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Does education strengthen the life skills of adolescents?

Author

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  • Stefanie Schurer

    (University of Sydney, Australia, and IZA, Germany)

Abstract

Life skills, sometimes referred to as noncognitive skills or personality traits (e.g. conscientiousness or locus of control—the belief to influence events and their outcomes), affect labor market productivity. Policy makers and academics are thus exploring whether such skills should be taught at the high school or college level. A small portfolio of recent studies shows encouraging evidence that education could strengthen life skills in adolescence. However, as no uniform approach exists on which life skills are most important and how to best measure them, many important questions must be answered before life skill development can become an integral part of school curricula.

Suggested Citation

  • Stefanie Schurer, 2017. "Does education strengthen the life skills of adolescents?," IZA World of Labor, Institute for the Study of Labor (IZA), pages 366-366, June.
  • Handle: RePEc:iza:izawol:journl:y:2017:n:366
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    References listed on IDEAS

    as
    1. Cobb-Clark, Deborah A. & Schurer, Stefanie, 2012. "The stability of big-five personality traits," Economics Letters, Elsevier, vol. 115(1), pages 11-15.
    2. C. Kirabo Jackson, 2012. "Non-Cognitive Ability, Test Scores, and Teacher Quality: Evidence from 9th Grade Teachers in North Carolina," NBER Working Papers 18624, National Bureau of Economic Research, Inc.
    3. Schurer, Stefanie & Kassenboehmer, Sonja C. & Leung, Felix, 2015. "Do Universities Shape Their Students' Personality?," IZA Discussion Papers 8873, Institute for the Study of Labor (IZA).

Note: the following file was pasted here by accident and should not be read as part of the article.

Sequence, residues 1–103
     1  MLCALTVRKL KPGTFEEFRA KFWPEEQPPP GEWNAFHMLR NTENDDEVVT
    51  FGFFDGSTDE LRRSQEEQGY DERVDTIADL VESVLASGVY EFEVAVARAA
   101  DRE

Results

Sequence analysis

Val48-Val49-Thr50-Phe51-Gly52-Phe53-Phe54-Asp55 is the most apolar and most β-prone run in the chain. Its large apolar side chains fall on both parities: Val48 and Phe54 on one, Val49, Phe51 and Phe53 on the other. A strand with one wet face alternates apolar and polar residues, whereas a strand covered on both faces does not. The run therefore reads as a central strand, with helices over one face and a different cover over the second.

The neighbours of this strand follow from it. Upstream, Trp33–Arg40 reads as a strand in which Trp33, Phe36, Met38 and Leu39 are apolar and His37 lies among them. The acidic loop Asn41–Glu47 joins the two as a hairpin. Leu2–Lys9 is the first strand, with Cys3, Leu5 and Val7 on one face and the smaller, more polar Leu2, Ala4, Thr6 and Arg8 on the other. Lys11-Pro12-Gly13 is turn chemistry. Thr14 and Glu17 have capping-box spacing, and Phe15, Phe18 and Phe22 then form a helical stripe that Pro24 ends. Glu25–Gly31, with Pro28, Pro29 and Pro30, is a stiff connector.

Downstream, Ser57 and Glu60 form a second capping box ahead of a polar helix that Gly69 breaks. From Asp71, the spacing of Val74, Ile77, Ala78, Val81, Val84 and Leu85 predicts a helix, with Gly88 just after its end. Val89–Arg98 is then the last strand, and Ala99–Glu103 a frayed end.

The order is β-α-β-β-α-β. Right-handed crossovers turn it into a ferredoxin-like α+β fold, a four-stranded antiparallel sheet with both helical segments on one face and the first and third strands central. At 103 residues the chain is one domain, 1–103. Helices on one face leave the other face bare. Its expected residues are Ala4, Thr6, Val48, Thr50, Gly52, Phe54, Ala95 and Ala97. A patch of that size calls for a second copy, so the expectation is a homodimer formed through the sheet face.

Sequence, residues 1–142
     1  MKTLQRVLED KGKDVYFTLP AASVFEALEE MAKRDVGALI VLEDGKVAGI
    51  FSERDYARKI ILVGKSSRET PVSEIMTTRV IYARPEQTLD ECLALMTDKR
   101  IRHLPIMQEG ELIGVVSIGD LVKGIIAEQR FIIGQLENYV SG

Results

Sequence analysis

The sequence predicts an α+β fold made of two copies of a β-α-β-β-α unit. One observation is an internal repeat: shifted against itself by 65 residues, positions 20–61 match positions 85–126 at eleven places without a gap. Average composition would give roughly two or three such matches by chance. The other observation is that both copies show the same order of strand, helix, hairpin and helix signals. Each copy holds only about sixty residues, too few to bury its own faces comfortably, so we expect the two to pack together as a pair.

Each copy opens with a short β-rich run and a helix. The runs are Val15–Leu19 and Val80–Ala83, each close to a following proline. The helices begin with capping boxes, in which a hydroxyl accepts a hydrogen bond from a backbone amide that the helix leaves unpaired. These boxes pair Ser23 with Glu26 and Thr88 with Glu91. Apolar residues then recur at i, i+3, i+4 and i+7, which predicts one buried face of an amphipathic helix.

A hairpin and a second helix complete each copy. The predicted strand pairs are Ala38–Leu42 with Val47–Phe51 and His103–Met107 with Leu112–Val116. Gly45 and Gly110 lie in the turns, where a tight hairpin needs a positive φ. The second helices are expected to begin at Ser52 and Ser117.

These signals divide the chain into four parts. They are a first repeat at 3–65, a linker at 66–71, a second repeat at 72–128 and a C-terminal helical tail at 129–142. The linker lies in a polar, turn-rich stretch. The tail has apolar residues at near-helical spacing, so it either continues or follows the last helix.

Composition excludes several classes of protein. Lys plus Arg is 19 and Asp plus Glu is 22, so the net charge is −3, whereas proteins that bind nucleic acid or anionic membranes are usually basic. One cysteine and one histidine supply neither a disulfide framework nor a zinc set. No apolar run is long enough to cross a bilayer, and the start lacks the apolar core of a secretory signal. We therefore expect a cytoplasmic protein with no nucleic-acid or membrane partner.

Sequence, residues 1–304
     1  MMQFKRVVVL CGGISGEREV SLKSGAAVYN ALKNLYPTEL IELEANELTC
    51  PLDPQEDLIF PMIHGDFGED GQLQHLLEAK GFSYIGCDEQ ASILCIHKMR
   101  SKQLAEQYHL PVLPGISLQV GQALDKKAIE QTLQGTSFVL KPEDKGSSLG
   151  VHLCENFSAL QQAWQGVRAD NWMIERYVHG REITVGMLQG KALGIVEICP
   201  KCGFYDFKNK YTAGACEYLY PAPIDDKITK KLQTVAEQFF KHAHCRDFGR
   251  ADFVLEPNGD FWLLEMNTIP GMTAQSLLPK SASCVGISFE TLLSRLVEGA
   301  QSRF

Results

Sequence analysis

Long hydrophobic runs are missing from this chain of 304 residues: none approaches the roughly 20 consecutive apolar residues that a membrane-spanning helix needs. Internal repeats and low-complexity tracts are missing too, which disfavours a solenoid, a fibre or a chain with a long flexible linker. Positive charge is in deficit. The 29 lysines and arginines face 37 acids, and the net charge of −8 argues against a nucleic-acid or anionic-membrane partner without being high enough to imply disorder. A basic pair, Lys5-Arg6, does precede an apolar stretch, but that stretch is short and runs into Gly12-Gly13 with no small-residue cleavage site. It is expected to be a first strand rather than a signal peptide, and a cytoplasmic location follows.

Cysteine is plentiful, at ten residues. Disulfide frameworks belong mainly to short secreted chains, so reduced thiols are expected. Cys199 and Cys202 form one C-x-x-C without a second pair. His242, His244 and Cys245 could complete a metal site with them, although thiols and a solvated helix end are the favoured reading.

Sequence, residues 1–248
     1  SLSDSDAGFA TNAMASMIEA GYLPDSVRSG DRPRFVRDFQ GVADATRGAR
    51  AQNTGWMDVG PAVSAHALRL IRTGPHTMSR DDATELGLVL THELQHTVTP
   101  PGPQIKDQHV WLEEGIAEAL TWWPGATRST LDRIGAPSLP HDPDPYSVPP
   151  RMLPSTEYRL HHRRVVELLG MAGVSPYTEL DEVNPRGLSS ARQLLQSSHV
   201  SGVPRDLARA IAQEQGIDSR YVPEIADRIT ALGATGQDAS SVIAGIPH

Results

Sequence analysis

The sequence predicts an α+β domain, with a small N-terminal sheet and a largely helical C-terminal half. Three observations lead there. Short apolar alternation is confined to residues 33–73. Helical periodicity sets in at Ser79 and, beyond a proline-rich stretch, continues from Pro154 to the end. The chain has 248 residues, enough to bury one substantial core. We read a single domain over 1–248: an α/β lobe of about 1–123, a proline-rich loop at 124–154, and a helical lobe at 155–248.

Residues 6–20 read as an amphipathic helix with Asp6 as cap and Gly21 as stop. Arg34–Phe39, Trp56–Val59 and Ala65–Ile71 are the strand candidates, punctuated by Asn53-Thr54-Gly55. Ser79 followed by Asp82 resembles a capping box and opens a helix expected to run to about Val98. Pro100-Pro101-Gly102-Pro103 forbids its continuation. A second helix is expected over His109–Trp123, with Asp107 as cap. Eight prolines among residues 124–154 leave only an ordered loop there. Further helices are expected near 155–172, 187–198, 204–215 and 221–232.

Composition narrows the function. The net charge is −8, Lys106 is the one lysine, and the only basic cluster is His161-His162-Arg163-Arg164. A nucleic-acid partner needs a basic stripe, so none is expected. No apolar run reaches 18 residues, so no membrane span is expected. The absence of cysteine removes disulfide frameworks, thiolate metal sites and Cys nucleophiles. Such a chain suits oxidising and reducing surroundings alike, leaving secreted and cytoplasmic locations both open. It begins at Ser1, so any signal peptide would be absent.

4. Sarah Dahmann & Silke Anger, 2014. "The Impact of Education on Personality: Evidence from a German High School Reform," SOEPpapers on Multidisciplinary Panel Data Research 658, DIW Berlin, The German Socio-Economic Panel (SOEP).
    5. Sara Heller & Harold A. Pollack & Roseanna Ander & Jens Ludwig, 2013. "Preventing Youth Violence and Dropout: A Randomized Field Experiment," NBER Working Papers 19014, National Bureau of Economic Research, Inc.
    6. Will Dobbie & Roland G. Fryer Jr., 2015. "The Medium-Term Impacts of High-Achieving Charter Schools," Journal of Political Economy, University of Chicago Press, vol. 123(5), pages 985-1037.
    7. James J. Heckman & Jora Stixrud & Sergio Urzua, 2006. "The Effects of Cognitive and Noncognitive Abilities on Labor Market Outcomes and Social Behavior," Journal of Labor Economics, University of Chicago Press, vol. 24(3), pages 411-482, July.
    8. Deborah A. Cobb‐Clark & Stefanie Schurer, 2013. "Two Economists' Musings on the Stability of Locus of Control," Economic Journal, Royal Economic Society, vol. 0, pages 358-400, August.
    9. Hendrik Thiel & Stephan L. Thomsen & Bettina Büttner, 2014. "Variation of learning intensity in late adolescence and the effect on personality traits," Journal of the Royal Statistical Society Series A, Royal Statistical Society, vol. 177(4), pages 861-892, October.
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    Citations

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    Cited by:

    1. Rosemary Elkins & Stefanie Schurer, 2018. "Exploring the role of fathers in non-cognitive skill development over the lifecourse," Working Papers 2018-034, Human Capital and Economic Opportunity Working Group.
    2. Kassenboehmer, Sonja C. & Schurer, Stefanie, 2018. "Survey Item-Response Behavior as an Imperfect Proxy for Unobserved Ability: Theory and Application," IZA Discussion Papers 11449, Institute for the Study of Labor (IZA).
    3. Sonja C. Kassenboehmer & Stefanie Schurer, 2018. "Survey item-response behavior as an imperfect proxy for unobserved ability: Theory and application," Working Papers 2018-035, Human Capital and Economic Opportunity Working Group.
    4. Elkins, Rosemary & Schurer, Stefanie, 2018. "Exploring the Role of Fathers in Non-Cognitive Skill Development over the Lifecourse," IZA Discussion Papers 11451, Institute for the Study of Labor (IZA).
    5. repec:eee:labeco:v:51:y:2018:i:c:p:170-183 is not listed on IDEAS

    More about this item

    Keywords

    human capital development; life skills; noncognitive skills; secondary and tertiary education; measurement error;

    JEL classification:

    • J24 - Labor and Demographic Economics - - Demand and Supply of Labor - - - Human Capital; Skills; Occupational Choice; Labor Productivity
    • I26 - Health, Education, and Welfare - - Education - - - Returns to Education
    • P36 - Economic Systems - - Socialist Institutions and Their Transitions - - - Consumer Economics; Health; Education and Training; Welfare, Income, Wealth, and Poverty
    • P46 - Economic Systems - - Other Economic Systems - - - Consumer Economics; Health; Education and Training; Welfare, Income, Wealth, and Poverty

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